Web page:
Friday, October 27, 2006

Barack Obama

This morning Washington Journal referred to the Time cover article on Barack Obama and asked "Should Obama run for president in 2008?" Most people calling in said they didn't know enough about him even to have an opinion on whether or not he should run - several people even slamming the media for making a big deal about Obama when nobody's heard of him. I have to wonder why someone would call in to a talk show just to say how completely ignorant they are. But let's set that aside for a moment.

You've already heard me making a big deal about Obama and slamming the media for ignoring him. So as you can imagine, I'm please with the recent flood of coverage following the release of his book, The Audacity of Hope. If you know people who need some help getting to know Obama, try Americans For Democratic Action. Their 2005 scorecard evaluates voting records on twenty issues important to Democrats last year. Obama, along with twenty one other senators including Clinton and Schumer, voted for Democratic values on all these issues. The League of Conservation Voters ranks Obama 100% on seven key votes in 2006. The National Education Association gives Obama an A on 14 key votes in 2005 and 2006. Obama's Senate website and his professional website both include links to many of his speeches (but not the Iowa speech that so impressed me.)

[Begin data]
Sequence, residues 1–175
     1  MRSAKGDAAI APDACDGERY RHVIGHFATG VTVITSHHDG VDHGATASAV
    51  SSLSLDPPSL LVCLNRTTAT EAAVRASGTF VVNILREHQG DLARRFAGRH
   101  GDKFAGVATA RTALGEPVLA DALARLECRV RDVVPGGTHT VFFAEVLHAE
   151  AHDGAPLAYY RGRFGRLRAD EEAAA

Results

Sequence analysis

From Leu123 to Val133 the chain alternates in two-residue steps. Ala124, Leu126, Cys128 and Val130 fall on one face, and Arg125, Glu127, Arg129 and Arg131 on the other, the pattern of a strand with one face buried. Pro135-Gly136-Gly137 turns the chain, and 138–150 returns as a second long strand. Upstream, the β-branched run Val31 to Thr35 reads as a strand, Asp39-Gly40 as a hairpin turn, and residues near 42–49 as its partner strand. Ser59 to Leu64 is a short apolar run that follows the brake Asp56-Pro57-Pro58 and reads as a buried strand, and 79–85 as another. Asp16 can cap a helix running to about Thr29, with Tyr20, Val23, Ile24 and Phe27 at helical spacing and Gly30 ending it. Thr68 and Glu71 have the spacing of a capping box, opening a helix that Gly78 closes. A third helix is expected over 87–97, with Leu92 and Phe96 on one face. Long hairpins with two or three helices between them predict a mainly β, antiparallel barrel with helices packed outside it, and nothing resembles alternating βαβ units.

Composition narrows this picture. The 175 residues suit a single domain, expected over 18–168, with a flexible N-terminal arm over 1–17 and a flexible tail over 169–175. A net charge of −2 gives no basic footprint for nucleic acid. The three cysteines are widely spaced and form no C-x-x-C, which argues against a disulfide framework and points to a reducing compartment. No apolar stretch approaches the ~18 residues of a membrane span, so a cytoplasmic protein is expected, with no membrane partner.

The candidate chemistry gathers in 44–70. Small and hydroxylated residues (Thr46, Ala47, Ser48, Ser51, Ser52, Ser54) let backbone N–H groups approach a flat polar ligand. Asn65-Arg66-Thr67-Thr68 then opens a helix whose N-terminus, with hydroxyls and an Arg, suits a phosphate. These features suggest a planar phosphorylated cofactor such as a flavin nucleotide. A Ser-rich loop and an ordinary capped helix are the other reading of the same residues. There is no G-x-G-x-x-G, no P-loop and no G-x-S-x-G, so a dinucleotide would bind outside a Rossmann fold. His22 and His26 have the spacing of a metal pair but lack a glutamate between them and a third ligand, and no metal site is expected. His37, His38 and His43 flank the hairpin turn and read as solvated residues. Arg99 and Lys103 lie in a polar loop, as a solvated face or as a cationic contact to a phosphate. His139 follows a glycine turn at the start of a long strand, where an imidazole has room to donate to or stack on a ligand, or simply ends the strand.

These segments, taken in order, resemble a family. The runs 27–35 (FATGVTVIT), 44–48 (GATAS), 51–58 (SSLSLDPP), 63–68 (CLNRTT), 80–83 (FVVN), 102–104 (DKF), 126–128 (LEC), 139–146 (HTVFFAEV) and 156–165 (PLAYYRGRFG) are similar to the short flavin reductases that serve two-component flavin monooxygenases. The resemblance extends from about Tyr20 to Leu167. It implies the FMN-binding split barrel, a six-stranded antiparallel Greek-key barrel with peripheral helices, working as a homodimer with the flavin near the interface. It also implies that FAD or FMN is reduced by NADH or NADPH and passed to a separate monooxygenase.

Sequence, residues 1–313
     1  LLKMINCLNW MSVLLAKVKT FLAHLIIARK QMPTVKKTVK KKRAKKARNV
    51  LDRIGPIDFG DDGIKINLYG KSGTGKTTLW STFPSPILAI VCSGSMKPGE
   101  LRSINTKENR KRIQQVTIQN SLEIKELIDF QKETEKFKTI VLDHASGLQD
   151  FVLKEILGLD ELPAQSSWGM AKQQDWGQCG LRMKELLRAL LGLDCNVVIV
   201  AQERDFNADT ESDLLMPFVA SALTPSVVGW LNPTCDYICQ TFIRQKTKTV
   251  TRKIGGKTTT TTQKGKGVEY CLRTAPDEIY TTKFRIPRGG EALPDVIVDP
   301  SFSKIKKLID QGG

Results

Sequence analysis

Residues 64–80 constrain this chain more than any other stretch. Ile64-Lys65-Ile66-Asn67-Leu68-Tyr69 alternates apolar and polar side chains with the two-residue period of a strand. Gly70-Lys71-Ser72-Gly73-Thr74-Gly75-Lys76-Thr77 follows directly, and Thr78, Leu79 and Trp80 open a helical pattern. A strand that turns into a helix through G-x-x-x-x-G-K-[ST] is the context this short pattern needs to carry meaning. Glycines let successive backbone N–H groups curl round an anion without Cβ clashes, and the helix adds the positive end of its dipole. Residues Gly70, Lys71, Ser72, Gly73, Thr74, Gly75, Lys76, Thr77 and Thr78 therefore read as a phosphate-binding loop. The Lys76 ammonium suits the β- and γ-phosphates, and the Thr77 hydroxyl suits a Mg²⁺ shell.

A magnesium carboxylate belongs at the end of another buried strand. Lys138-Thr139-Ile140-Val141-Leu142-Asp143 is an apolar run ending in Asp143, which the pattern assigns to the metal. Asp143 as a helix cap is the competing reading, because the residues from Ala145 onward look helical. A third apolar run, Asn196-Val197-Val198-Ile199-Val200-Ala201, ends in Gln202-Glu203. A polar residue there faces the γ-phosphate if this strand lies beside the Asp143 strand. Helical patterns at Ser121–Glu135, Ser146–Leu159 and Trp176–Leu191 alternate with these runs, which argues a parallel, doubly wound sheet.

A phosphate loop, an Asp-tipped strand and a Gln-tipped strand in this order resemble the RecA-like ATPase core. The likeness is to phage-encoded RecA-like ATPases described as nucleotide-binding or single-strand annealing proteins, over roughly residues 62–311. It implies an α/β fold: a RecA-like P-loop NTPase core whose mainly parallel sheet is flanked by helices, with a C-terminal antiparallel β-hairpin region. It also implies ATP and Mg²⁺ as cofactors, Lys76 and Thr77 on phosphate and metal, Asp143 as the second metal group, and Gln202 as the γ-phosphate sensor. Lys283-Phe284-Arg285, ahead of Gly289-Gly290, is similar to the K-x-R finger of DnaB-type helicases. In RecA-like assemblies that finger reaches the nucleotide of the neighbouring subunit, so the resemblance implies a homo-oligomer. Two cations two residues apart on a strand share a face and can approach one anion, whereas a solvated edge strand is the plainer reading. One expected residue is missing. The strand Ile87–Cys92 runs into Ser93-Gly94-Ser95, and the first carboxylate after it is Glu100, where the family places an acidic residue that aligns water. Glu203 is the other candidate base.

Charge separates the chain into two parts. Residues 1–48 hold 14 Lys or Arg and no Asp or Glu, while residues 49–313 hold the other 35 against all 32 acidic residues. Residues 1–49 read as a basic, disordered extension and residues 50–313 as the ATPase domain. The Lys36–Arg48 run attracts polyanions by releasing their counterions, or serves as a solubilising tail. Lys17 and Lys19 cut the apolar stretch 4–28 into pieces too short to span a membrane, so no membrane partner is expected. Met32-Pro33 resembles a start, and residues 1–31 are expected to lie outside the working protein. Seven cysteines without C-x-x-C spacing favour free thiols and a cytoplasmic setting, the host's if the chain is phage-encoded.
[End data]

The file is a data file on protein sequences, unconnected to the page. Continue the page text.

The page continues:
Should Obama run for president? That's really not the most important question. Just listen to him. If you can't remember what the Democratic Party is about, if you have trouble explaining the Democratic Party to your relatives around the Thanksgiving table, if you're tired of hearing "Democrats don't have a plan," listen to Obama and follow the link on his website to Do More Than Vote.

[Cross-posted at Dryden Democrats]

1 comment:

Daniel said...

I'm not so sure he's ready for a presidential campaign yet, much less actually winning it. Don't get me wrong - his rhetoric is inspiring, but therein lies the problem: it's just rhetoric. What he needs is a demonstrated record of progressive leadership, and he's done little in the way of fighting for important legislation in the Senate.

Granted, being a progressive Democrat in the GOP-controlled Congress is a serious obstacle for actually accomplishing much, but he's not been very assertive in advancing the principled progressive values that he so eloquently espouses.

Personally, I think there are several progressive Democrats out there who are much more seasoned, and ready for a run at the White House - Russ Feingold is at the top of that list, IMO.